Alcohol and Oxycodone Abuse question 4
Statistics for Alcohol and Oxycodone
According to the National Institute on Drug Abuse:
- Prescriptions for opioid pain relievers like OxyContin has risen from approximately 76 million in the US in 2007 to almost 207 million in 2013.
- The US is the word's biggest consumer of hydrocodone and oxycodone.
- Opioids are to blame for the biggest proportion of the prescription drug problem in the US.
- More than 2 million people in the US have a substance use disorder involving prescription opioids.
According to the National Institute on Alcohol Abuse and Alcoholism:
- In 2013, more than 16 million adults age 18 years old and older had an alcohol use disorder.
- Nearly 700,000 adolescents (12-17 years) had an alcohol use disorder in 2013.
Alcohol and Oxycodone Abuse question 5
Concurrent Use Among Teens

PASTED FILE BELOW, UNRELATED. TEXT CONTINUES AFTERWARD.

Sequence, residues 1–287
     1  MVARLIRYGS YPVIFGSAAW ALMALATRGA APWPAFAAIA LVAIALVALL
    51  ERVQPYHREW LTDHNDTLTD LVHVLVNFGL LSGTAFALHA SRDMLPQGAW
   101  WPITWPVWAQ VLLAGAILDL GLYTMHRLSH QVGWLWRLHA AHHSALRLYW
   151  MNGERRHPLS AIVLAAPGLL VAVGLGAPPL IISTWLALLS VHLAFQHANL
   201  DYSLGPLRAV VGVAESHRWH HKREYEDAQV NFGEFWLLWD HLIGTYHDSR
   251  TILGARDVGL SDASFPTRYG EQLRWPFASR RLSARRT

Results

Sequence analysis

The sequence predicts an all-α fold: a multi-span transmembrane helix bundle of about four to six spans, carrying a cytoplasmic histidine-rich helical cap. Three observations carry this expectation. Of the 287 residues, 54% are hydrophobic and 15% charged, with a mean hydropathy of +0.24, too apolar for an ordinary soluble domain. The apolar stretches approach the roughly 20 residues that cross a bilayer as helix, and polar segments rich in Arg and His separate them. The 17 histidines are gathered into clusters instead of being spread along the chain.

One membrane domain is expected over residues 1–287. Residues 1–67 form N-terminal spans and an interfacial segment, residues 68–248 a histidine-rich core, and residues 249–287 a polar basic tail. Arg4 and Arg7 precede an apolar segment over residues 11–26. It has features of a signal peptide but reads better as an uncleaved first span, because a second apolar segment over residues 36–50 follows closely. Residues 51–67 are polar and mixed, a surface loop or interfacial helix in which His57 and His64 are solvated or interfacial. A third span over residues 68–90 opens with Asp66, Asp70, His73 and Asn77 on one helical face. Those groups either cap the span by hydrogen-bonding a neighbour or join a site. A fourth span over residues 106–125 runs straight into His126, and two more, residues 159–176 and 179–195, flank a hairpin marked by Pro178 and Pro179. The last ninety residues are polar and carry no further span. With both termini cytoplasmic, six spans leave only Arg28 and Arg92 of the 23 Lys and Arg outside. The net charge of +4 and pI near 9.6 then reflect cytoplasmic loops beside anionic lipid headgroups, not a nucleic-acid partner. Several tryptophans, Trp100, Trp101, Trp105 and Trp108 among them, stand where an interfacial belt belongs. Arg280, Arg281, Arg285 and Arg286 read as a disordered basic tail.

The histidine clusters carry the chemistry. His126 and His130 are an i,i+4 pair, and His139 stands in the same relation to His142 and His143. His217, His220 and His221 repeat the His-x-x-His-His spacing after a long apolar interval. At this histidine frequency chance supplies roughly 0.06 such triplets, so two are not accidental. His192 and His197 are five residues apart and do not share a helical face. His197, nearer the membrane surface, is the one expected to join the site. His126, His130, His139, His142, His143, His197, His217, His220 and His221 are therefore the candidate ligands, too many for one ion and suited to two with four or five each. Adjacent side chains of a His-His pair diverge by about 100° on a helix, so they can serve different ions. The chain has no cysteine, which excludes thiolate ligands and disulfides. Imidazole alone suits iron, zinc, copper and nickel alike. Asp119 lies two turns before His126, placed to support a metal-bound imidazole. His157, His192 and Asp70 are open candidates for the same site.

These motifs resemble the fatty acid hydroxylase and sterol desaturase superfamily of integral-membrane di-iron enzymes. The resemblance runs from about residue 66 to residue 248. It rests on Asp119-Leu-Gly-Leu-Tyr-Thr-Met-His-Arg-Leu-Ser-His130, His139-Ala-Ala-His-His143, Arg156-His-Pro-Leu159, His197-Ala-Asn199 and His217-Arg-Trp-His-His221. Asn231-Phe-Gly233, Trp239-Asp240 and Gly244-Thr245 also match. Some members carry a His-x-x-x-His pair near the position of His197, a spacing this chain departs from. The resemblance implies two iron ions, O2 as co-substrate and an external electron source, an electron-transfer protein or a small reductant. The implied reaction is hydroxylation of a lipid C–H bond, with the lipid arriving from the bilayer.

Oxycodone is highly addictive and abused frequently by teens between the age of 12 and 18. This is a scary fact, since they are starting so young. Prescription medications are all too easy for teens to obtain, as pills are given to them by friends, taken from relatives or friends with prescriptions, or bought with little effort.
It is important that you become familiar with the common signs and symptoms of not just oxycodone abuse, but when combined with drinking, so you know the warning signs to look for in your own teen.
Alcohol and Oxycodone Abuse question 6
Resources, Articles and More Information
The following articles can provide you more information about Oxycodone, alcohol, abuse and the dangers of combining these substances.
- Oxycodone Abuse
- Get the Facts on Alcohol Abuse
- Effects of Opiates on the Body
- Prescription Drug Abuse
Find support and offer your support to others today by visiting our community forum.